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CLEAN, Try Engineering


5th, 6th, 7th, 8th, 9th, 10th


Science, Mathematics, Engineering

Resource Types

  • Lesson Plans, two to three 45-minute class periods
  • Projects
  • Articles and Websites
  • Worksheets

Regional Focus




Solar Structures

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  • In this lesson, students act as engineers and build structures that use passive solar energy from the sunlight to either heat or minimize heating inside a building without using an external energy source.
  • Students will plan a design, select materials, produce structures, present their projects to the class, and test the efficacy of their design elements.
Teaching Tips


  • Students are encouraged to rethink designs and materials if they aren't the best fit, just as engineers would do.
  • The inquiry-based nature of the lesson is great for keeping students engaged and learning.

Additional Prerequisites

  • The Try Engineering link under Internet Connections and the link for ITEEA under Alignment to Curriculum Frameworks are broken.
  • Students should know about green energy, solar energy, and green building.
  • It may benefit students to understand why people want to use solar instead of fossil fuels or other energy sources.
  • Students should know how to measure and build three-dimensional models.


  • Students can think of simple ways the school can implement passive solar heating and cooling and write a proposal for their building.
  • Language arts students can do more research about solar energy and its use in homes and businesses and then produce an informative piece of writing to teach others.
  • Students can discuss what active solar elements they could implement in their models to achieve better results.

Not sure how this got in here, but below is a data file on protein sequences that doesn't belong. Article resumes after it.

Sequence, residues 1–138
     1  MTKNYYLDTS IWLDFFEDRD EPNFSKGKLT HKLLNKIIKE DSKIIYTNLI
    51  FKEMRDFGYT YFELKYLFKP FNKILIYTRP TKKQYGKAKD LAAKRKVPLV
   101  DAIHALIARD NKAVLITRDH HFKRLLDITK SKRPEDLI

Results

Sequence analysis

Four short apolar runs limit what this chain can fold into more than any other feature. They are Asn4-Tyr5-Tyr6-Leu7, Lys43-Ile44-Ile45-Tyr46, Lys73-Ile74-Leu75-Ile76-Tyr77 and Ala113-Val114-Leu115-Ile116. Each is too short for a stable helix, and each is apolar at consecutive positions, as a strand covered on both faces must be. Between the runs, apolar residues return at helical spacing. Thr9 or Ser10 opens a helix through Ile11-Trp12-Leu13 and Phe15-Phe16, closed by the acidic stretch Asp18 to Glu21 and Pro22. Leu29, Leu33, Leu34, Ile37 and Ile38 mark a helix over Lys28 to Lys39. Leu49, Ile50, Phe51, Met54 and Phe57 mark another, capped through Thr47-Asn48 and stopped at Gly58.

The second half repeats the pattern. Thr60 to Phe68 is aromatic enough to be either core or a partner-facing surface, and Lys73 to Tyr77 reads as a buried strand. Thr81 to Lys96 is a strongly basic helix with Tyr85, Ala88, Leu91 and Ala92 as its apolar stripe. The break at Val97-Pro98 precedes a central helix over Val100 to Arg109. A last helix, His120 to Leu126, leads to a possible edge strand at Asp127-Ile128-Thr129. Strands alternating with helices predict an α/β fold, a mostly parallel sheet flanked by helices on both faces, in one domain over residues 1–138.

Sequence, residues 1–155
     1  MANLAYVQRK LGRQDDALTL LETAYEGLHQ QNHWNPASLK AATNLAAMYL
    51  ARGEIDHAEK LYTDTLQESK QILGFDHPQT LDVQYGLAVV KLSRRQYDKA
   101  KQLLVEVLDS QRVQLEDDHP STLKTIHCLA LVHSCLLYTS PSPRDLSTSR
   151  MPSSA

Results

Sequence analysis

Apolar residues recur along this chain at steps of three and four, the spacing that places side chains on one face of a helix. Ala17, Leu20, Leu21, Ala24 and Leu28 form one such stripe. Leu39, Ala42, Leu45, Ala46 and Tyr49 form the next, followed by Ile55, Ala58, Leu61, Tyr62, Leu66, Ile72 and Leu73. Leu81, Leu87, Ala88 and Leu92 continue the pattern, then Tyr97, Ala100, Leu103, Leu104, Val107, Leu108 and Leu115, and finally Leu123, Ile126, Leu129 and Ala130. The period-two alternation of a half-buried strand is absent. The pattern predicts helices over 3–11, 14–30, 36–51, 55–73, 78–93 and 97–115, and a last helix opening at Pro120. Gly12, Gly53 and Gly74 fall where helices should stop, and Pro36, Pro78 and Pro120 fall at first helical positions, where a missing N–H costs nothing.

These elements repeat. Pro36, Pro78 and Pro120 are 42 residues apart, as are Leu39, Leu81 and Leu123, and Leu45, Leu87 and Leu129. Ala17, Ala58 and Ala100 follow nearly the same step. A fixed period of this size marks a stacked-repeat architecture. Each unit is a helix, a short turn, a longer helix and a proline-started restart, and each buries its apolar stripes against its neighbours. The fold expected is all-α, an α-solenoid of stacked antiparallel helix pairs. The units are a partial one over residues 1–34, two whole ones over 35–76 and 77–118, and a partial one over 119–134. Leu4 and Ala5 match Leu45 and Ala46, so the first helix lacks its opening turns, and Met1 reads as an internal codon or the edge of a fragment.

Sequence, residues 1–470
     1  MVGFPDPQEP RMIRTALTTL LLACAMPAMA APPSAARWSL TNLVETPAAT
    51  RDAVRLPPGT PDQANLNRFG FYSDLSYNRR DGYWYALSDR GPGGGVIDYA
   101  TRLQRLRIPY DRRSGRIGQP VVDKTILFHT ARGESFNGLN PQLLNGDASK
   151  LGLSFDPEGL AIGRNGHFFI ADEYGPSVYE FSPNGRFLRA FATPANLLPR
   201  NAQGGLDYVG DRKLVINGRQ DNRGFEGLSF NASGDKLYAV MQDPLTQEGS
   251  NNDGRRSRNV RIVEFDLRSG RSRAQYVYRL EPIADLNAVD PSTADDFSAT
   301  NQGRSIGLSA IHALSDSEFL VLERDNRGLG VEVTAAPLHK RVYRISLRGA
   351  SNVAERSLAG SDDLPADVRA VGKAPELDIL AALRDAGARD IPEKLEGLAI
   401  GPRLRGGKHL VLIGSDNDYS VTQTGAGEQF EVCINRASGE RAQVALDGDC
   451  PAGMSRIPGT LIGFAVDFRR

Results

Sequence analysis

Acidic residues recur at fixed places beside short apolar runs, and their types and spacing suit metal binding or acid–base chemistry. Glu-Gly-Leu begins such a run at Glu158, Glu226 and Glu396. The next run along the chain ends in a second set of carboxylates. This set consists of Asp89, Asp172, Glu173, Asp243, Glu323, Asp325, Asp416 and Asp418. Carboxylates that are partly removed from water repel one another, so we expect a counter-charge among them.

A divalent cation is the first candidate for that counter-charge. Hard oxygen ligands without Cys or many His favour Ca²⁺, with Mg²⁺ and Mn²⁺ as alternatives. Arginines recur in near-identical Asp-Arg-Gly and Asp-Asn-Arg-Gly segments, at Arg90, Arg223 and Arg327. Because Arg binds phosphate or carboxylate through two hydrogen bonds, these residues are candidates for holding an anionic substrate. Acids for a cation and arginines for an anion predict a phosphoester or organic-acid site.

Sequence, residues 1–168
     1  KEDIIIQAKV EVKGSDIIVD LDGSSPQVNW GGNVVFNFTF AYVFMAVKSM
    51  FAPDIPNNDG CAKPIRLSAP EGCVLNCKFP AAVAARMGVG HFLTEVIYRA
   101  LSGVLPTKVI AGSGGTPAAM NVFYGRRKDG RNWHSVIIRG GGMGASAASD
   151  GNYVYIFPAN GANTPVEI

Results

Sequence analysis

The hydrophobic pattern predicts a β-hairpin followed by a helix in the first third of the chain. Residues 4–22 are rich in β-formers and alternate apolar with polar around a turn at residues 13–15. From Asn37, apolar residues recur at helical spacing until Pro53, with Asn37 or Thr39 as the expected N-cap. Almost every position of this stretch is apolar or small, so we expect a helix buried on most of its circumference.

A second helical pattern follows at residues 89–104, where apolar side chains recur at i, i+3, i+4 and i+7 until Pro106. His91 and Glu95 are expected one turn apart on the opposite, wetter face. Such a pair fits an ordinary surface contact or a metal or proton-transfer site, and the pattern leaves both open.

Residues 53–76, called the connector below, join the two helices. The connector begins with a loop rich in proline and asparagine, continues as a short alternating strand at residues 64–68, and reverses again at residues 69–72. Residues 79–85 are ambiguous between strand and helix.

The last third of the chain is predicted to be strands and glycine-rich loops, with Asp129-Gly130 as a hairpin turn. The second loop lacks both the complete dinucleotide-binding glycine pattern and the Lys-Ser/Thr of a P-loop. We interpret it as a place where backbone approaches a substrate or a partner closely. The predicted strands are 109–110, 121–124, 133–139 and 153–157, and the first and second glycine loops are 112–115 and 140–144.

• Social studies students can brainstorm ways the government can incentivize homeowners to implement more solar energy.
Scientist Notes
The solar structure activity has students learn about different types of solar energy generation while also encouraging them to think like engineers. The information presented is accurate and the resource is recommended for teaching.
  • Next Generation Science Standards (NGSS)
    • ESS3: Earth and Human Activity
      • MS-ESS3-3 Apply scientific principles to design a method for monitoring and minimizing a human impact on the environment.
    • ETS1: Engineering Design
      • MS-ETS1-1 Define the criteria and constraints of a design problem with sufficient precision to ensure a successful solution, taking into account relevant scientific principles and potential impacts on people and the natural environment that may limit possible solutions.
      • MS-ETS1-2 Evaluate competing design solutions using a systematic process to determine how well they meet the criteria and constraints of the problem.
      • 3-5-ETS1-1 Define a simple design problem reflecting a need or a want that includes specified criteria for success and constraints on materials, time, or cost.
      • 3-5-ETS1-2 Generate and compare multiple possible solutions to a problem based on how well each is likely to meet the criteria and constraints of the problem.
      • 3-5-ETS1-3 Plan and carry out fair tests in which variables are controlled and failure points are considered to identify aspects of a model or prototype that can be improved.
    • PS3: Energy
      • MS-PS3-3 Apply scientific principles to design, construct, and test a device that either minimizes or maximizes thermal energy transfer.
  • Common Core English Language Arts Standards (CCSS.ELA)
    • Reading: Science & Technical Subjects (6-12)
      • CCSS.ELA-LITERACY.RST.6-8.3 Follow precisely a multistep procedure when carrying out experiments, taking measurements, or performing technical tasks.
  • Common Core Math Standards (CCSS.MATH)
    • Measurement & Data (K-5)
      • CCSS.MATH.CONTENT.5.MD.A.1 Convert among different-sized standard measurement units within a given measurement system (e.g., convert 5 cm to 0.05 m), and use these conversions in solving multi-step, real world problems.
    • The Number System (6-8)
      • CCSS.MATH.CONTENT.6.NS.C.5 Understand that positive and negative numbers are used together to describe quantities having opposite directions or values (e.g., temperature above/below zero, elevation above/below sea level, credits/debits, positive/negative electric charge); use positive and negative numbers to represent quantities in real-world contexts, explaining the meaning of 0 in each situation.
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